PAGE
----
A CAM system for every need

High-quality results, automated processes, efficient work procedures and maximum safety in manufacturing – the demands on modern CAM systems are high.

Constantly changing market requirements and technical innovations require continuous adaptation of the software, so what makes up a CAM system and what parts are important?

Many aspects of CAM software today influence efficiency, quality and safety in manufacturing. They come to bear in various steps of the process chain. In other words, a single software system should be able to cover as many work procedures as possible, from design (CAD) to manufacturing (CAM) and quality control (CAQ) – whether for manufacturing large parts, complex geometry or series.

It should also support as many different manufacturing technologies as possible, such as milling, turning, drilling, hardening and the latest machine kinematics with multiple axes as well as robots. With Tebis CAD/CAM software, users design 3D CAD models for a wide range of manufacturing areas and automatically calculate NC programs for their NC-controlled manufacturing and quality testing.

This single-system strategy makes the manufacturing process more fluid, faster and more transparent. Instead of working in the machine shop, the NC programmer works on a large monitor in a quiet office. As a result, the machines are always productive.

In addition, errors are minimised because the information from the CAD model is sent directly through to the machine with no loss of precision. The machine operator receives clear instructions for setup and required tools – with no manual entries or paperwork. All data remains in a single system from the very start.

Many CAM systems make it possible to work with digital twins of tools. They know every detail of the company's manufacturing environment and have access to its manufacturing knowledge. This ensures greater reliability, standardisation and automation in programming and manufacturing. System-specific libraries contain true-to-life digital representations of the machines, controls, tools, clamping devices and units with their respective geometric and technical properties.

CAM solutions with integrated simulation technology provide high levels of safety. Such systems already offer a high degree of realism when defining the setup in the virtual machine; users then check calculated NC programs in the virtual CAM environment. CAM systems with integrated NC program simulation detect possible collisions and limit switch problems when the NC paths are calculated and automatically avoid them, for instance, by reducing milling areas and using 5-axis avoidance.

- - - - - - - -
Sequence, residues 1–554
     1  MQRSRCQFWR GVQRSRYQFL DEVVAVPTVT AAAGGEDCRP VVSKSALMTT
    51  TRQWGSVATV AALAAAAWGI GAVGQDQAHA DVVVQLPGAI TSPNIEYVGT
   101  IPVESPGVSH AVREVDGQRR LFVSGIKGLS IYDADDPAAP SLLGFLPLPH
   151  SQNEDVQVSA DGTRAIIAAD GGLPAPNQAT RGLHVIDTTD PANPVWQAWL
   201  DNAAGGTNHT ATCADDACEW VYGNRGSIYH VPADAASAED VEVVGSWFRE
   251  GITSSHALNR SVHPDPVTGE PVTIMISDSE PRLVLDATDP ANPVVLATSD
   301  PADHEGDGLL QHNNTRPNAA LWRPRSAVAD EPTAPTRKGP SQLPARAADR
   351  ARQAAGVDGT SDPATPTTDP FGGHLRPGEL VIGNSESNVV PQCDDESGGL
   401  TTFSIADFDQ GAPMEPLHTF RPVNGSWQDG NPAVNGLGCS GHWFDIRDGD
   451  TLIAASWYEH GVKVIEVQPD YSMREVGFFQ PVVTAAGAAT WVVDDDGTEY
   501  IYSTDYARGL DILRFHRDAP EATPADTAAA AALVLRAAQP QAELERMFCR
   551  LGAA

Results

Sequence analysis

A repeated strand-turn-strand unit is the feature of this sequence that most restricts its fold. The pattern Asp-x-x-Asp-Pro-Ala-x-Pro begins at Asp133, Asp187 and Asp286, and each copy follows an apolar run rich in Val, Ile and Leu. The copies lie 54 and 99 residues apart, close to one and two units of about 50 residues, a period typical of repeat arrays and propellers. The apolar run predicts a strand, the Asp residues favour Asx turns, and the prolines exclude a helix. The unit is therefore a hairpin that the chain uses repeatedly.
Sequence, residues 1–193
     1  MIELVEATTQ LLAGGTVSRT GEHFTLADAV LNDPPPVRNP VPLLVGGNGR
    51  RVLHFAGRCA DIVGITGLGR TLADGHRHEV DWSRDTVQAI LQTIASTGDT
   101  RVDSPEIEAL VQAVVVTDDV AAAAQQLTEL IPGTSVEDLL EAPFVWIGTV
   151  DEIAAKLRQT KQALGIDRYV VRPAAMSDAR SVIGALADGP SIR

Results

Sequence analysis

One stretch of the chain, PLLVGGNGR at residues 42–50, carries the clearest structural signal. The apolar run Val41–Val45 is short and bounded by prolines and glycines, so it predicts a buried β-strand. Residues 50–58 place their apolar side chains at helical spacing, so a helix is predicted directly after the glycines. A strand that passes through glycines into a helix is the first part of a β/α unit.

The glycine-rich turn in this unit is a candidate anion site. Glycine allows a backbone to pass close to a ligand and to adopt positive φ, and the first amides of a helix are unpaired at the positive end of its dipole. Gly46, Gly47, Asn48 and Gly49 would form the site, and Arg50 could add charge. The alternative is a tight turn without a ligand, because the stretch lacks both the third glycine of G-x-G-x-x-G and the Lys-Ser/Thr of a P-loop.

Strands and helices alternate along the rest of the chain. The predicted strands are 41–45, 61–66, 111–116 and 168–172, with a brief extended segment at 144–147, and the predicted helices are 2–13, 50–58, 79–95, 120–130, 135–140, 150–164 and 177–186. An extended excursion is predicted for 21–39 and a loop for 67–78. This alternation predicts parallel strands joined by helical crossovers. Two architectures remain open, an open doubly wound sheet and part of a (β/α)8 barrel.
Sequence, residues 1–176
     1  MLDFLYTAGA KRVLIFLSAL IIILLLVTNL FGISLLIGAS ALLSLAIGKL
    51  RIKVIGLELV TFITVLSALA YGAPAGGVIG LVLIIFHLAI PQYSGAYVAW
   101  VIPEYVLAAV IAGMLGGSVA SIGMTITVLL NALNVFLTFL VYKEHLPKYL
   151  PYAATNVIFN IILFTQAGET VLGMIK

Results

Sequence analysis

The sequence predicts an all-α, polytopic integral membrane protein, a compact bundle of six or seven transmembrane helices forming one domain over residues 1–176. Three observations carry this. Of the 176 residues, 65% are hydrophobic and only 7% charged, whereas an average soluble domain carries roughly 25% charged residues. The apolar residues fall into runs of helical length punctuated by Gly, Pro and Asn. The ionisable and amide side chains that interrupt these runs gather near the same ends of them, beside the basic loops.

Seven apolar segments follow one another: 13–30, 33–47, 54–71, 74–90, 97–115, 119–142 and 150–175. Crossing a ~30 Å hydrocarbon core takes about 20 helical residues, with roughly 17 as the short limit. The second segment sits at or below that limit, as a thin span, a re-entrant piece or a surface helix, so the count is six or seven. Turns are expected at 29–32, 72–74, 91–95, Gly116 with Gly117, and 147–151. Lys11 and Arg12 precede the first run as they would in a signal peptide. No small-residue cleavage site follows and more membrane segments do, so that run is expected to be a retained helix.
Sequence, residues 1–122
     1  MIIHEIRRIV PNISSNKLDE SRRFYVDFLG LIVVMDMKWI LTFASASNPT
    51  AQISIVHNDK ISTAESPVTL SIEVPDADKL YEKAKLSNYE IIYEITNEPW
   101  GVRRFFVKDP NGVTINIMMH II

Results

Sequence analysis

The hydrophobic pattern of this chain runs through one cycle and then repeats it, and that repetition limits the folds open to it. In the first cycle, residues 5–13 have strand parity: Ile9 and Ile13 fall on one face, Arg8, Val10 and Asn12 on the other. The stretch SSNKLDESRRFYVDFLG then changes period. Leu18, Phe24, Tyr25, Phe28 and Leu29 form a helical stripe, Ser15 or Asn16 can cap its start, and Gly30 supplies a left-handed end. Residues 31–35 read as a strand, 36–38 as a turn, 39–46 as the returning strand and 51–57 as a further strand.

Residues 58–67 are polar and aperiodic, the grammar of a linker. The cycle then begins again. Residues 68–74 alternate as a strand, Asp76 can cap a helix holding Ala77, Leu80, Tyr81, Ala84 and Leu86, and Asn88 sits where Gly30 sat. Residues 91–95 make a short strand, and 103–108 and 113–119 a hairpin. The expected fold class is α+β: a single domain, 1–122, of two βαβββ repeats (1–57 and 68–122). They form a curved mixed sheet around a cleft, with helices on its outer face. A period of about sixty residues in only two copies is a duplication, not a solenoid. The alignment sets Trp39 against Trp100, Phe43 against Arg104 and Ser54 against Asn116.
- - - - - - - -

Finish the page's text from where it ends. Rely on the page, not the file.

Modern CAM systems lay the groundwork for high-quality parts and the corresponding degree of NC automation in the manufacturing design stage. Depending on the manufacturing technology, NC programmers use different CAD functions to prepare their manufacturing models for subsequent NC processes.

Of course, NC freeform surfaces can only be as good as the underlying CAD data. Good CAM software is therefore also characterised by powerful integrated functions for structuring, designing, repairing, morphing, scanning and reverse engineering.

For the quality of manufactured surfaces – especially for freeform geometry – it is also critical that the CAM system calculates the NC paths on mathematically exact surfaces instead of on tessellated substitute models such as polyhedrons.

Manufacturing processes in the industry vary greatly from small and medium-sized manufacturers to the major players. A modular structure is therefore absolutely essential for a modern software solution. Users can get started at low cost and can grow flexibly to meet increasing requirements.

Tebis offers suitable software packages for typical CAD/CAM applications that can be expanded as design and manufacturing tasks grow.

Finally, networking systems have become increasingly important in the context of digitalisation and modern CAM systems are increasingly offering it. Users should be able to exchange their CAD models with potential clients’ most important systems via interfaces without data loss. On import, the software should automatically break assemblies down into individual manufacturing files and also optimise surface quality.

Real-time connections to tool databases and software for order planning and control enable improvements in the logistical processes, yielding large gains in efficiency. For example, Tebis can be directly coupled with MES ProLeiS. In this integrated environment, manufacturing projects can be planned and controlled much better with data that is always current.

Tebis (UK)
www.tebis.com

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Tebis

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